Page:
Commercial and occasionally private aircraft, cars, busses, trains, boats and feet. (My whole career wasn't as a technology consultant, that was just the last ten years. My time before that was split fairly evenly between research and then development - but even those required the use of transport, including some overseas travel.)
 
What forms of transport did you use during your career spent as a "technology consultant around the world" may i ask?

Unless you are a long distance cyclist or runner there could well be a strong wiff of hypocrisy.

We're not suggesting to bring back the stone age.... :D

But simply asking people to avoid unnecessary travel, and choose the least environmentally harmful mode of transport - when possible - for those journeys that are essential.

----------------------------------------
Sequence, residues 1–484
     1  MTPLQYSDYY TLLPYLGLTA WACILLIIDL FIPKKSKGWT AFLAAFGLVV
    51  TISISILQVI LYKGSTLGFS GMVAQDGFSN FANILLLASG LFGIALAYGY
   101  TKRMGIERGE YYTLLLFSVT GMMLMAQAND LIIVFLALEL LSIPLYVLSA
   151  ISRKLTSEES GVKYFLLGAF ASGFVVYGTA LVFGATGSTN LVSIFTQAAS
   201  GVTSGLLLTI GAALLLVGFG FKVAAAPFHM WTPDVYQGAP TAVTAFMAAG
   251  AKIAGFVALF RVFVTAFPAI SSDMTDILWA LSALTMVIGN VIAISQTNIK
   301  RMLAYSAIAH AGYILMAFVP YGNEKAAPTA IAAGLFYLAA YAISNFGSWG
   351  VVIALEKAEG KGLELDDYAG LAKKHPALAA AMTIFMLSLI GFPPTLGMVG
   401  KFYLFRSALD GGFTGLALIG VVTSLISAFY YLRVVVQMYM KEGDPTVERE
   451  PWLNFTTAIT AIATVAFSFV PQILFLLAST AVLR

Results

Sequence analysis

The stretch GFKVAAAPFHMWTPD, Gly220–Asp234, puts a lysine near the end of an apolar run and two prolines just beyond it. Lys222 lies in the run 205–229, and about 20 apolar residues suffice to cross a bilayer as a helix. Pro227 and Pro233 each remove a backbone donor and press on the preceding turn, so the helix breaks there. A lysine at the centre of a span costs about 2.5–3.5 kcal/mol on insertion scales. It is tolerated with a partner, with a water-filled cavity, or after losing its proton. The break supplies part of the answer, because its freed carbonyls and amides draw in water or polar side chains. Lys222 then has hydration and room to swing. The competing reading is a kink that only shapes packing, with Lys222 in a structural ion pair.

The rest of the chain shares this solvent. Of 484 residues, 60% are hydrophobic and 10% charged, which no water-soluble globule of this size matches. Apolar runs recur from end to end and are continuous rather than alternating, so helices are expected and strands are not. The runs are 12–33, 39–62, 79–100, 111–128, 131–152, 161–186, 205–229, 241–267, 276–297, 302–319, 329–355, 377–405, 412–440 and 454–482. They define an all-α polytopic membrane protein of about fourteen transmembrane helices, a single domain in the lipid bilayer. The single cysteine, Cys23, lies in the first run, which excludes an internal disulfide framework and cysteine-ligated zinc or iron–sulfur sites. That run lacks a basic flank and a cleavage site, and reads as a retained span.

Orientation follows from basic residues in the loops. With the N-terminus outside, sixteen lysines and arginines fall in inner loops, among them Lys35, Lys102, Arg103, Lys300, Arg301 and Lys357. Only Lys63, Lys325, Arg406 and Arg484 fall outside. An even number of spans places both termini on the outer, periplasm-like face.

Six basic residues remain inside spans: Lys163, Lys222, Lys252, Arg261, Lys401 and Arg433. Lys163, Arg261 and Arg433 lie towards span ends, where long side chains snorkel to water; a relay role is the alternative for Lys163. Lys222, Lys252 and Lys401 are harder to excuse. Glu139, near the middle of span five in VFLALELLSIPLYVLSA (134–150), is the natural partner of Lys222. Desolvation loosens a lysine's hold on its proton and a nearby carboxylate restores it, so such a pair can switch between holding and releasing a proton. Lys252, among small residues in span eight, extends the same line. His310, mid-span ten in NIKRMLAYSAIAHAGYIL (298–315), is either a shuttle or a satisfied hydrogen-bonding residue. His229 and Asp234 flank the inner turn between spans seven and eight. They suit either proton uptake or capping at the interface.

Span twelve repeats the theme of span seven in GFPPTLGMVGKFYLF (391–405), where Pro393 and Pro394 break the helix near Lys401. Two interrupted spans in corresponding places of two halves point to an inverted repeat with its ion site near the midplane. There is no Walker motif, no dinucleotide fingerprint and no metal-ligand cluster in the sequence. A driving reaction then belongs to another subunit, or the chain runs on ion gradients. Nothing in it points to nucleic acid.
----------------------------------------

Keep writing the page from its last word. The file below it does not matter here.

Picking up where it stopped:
Traveling for work is essential. Is there a reasonably-priced train alternative? If yes, then take it. If not, then drive, or fly, as the case may be.

It's not complicated, really.
 
Commercial and occasionally private aircraft, cars, busses, trains, boats and feet. (My whole career wasn't as a technology consultant, that was just the last ten years. My time before that was split fairly evenly between research and then development - but even those required the use of transport, including some overseas travel.)
So not a care in the world then.
 
We're not suggesting to bring back the stone age.... :D

But simply asking people to avoid unnecessary travel, and choose the least environmentally harmful mode of transport - when possible - for those journeys that are essential.